“Well, Boston, now that I know that my mama planted those bushes, well, they’re extra special ta me more so than that lye soap ya used this mornin’… that stuff just plain stinks.  Whooie…”

“Thanks brother.  That could be me from all the superfluous work I’m doing here, while you slack off.”

“Ya right, Scott, it just might be ya,” Johnny laughed, brushed a stray strand of hair away from his eyes.  He tilted his head and took one more deep breath of air.  “Didn’t want to say anything, but well…I mean ya could use a hot bath…”

Scott pulled another hay bale while Johnny balanced it getting it out of the wagon in well-honed collaboration.

“I’m glad Maria took care of those bushes for you, Johnny,” he said as they stacked the bale they were carrying.  “They are eye appealing, with those bright scarlet blossoms against the courtyard wall.  I don’t recall ever seeing roses that crimson before.  What did you call them?”

“Blaze.”

“That’s the ideal name for them.  They look like a blaze of fire along the wall.”

“Mama always did like red, said it suited her temperament.  When I was a kid, I kinda thought she was talkin’ about chili peppers, ‘cos she sure did like cookin’ just about everything with those.  And they sure did have a bite to match hers when she got angry.”

Scott grunted as they carried another bale into the barn, “Small wonder that you like your food extra spicy, you were brought up on that blistering stuff.”

Johnny dropped his end of another bale onto the growing stack, wiped his brow with the back of his shirt sleeve, “I’m glad Murdoch told me she planted those roses.  Makes ‘em special, at least ta me, ya know?”

Scott slapped the back of his hand against Johnny’s taut belly; he could feel the resistance as his hand pressed into Johnny’s taut muscles.  “I do, brother.  I think it’s nice to find out something about a friend or family member that they would never divulge themselves.  Come on, let’s get this job finished.  Don’t know about you but I’m going to enjoy soaking in that hot tub, sooner than later.”

“Yeah, me too, ya sure do stink, Boston,” joshed Johnny as he clapped his arm around Scott’s shoulder as they walked out of the barn for another bale.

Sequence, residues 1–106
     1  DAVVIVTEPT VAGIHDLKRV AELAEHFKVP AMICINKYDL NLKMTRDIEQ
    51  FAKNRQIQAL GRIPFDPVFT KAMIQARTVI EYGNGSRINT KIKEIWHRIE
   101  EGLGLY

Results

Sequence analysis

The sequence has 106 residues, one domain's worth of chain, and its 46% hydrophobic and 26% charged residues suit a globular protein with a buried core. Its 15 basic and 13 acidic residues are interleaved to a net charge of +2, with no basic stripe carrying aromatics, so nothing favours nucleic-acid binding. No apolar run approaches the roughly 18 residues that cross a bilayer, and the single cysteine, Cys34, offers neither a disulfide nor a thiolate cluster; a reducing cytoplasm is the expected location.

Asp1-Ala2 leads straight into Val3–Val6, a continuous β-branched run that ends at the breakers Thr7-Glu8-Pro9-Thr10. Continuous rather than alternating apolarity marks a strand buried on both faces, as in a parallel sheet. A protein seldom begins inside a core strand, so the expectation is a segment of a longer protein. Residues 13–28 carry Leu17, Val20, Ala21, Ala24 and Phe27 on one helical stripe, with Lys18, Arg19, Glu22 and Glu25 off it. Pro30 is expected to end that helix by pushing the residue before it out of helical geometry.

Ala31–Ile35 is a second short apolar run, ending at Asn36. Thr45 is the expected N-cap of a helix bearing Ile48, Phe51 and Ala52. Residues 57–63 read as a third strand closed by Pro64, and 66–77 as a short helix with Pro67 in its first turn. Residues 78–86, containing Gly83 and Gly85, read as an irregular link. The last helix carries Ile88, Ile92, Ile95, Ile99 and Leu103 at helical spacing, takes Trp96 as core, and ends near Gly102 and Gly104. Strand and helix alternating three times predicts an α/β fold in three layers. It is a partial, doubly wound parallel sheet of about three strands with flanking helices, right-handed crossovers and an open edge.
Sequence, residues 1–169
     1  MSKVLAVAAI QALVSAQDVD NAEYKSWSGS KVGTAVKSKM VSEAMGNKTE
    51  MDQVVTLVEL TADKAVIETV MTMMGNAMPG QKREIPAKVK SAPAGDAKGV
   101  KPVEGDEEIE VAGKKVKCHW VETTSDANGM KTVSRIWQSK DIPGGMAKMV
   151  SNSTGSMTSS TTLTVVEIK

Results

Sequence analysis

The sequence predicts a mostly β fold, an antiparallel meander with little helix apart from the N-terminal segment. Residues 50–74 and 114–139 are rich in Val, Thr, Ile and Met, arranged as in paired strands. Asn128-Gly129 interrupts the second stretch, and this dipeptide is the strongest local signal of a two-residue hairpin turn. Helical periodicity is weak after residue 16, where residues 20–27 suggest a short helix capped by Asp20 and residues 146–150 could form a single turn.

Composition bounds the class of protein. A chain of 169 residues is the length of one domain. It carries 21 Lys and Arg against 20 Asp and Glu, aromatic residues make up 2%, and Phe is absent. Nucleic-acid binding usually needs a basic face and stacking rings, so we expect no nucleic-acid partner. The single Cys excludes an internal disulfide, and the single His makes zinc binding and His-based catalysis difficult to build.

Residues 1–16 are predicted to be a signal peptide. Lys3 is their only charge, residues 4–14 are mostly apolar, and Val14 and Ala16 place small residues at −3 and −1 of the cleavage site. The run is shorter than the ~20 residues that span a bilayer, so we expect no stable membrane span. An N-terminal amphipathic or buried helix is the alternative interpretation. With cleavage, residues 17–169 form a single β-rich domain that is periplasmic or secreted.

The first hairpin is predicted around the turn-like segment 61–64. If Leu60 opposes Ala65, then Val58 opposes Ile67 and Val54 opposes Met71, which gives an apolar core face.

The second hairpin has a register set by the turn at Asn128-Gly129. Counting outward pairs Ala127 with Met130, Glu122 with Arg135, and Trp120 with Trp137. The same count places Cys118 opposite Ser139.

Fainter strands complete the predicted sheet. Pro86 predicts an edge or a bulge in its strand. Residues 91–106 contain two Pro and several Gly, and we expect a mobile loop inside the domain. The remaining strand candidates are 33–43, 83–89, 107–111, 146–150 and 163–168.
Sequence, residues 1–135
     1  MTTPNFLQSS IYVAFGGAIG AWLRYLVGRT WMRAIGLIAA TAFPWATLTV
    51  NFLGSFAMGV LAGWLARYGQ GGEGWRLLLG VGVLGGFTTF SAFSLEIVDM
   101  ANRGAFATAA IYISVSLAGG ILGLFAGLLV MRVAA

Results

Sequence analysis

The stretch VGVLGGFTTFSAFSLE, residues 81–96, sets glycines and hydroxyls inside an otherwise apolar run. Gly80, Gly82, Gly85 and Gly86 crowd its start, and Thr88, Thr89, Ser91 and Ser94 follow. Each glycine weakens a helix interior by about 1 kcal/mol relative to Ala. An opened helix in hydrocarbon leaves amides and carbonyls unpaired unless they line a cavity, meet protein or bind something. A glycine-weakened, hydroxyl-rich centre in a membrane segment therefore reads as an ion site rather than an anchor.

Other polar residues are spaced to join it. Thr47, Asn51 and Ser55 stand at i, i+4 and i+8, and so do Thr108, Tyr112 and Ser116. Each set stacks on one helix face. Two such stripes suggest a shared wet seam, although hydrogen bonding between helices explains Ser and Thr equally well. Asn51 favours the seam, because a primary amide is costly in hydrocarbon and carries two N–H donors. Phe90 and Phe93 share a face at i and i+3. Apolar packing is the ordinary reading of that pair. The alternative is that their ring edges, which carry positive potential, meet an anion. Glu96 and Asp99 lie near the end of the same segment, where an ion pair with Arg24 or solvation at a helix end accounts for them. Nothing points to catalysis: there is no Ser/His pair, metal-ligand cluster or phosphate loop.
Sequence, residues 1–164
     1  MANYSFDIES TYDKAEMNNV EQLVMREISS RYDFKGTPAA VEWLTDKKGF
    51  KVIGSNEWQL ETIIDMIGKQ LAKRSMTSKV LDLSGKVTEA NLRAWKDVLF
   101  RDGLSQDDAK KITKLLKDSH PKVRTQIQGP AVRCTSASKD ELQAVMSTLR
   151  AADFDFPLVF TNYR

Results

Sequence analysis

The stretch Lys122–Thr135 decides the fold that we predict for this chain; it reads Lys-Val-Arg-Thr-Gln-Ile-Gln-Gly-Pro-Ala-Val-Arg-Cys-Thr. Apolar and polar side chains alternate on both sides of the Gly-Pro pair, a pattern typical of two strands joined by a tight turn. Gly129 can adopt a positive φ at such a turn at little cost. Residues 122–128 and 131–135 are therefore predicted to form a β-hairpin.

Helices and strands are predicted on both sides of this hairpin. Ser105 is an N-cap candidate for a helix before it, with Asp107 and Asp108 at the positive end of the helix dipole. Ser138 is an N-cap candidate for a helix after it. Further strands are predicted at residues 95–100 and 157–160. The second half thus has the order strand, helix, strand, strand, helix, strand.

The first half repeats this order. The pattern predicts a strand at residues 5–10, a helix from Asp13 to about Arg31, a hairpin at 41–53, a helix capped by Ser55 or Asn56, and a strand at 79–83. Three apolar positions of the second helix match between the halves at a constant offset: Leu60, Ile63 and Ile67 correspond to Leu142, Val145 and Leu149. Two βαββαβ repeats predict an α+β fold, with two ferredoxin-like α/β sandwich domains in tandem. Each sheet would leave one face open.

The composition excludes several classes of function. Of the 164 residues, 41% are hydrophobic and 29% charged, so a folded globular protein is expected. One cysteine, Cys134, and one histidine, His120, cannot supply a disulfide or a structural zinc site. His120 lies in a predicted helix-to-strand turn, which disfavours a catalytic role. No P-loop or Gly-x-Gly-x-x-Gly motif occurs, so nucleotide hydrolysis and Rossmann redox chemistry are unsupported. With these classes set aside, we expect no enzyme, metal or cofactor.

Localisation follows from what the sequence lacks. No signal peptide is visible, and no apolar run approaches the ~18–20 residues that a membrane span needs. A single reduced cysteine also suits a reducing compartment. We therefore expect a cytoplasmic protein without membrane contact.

Johnny lifted his head back and smelled the air again, “Hold up Scott, ya smell that?”

“Come on Johnny, I’ve already stopped and smelled the roses once, let’s get this done.”

“Boston, this one is a special aroma; this one has break-time branded on it.”

“What is it your bloodhound snout smells this time?” Scott joked, wiping away more sweat from his forehead.  “Really, Johnny I can’t pick out anything else.”

“CHOCOLATE!  Ya can’t smell that?  BOY!  Hey!  Wait a sec…today’s Friday right?”

“Yes, all day and you’re making it longer with all you’re goofing off, Johnny.”

“Maria’s baking today!  Johnny danced a little jig alongside his brother.  “Race ya ta the kitchen, I’ll bet ya she’s makin’ those chocolate cookies.”

“NOW?” asked Scott as he leaned his narrow butt against the wagon, wiping at another trickle of sweat.

“Yup, NOW!  Those hot cookies fresh out of the oven are callin’ me!  Ya comin?”

Scott took another look at Johnny, back to the hay bales, figured that they could afford a short break while Johnny got his sugar fix.

“You’re on brother.”

Off raced the two boys, laughing and shoving the other to see who would make it to the kitchen before the other.

Murdoch looked out the French windows just in the nick of time to see his sons, storming towards the house, laughing and pushing at each other just like small children as he too caught an enticing whiff of chocolate filtering from the kitchen.  He knew where his sons were headed, grinned, then tossed the papers he had been reviewing onto his desk to go join his boys.

“Spring has sprung, every time Maria’s bakes,” he thought as he too raced into the kitchen to find Johnny already stuffing a hot cookie into his mouth.

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The End
Patti – March 19, 2010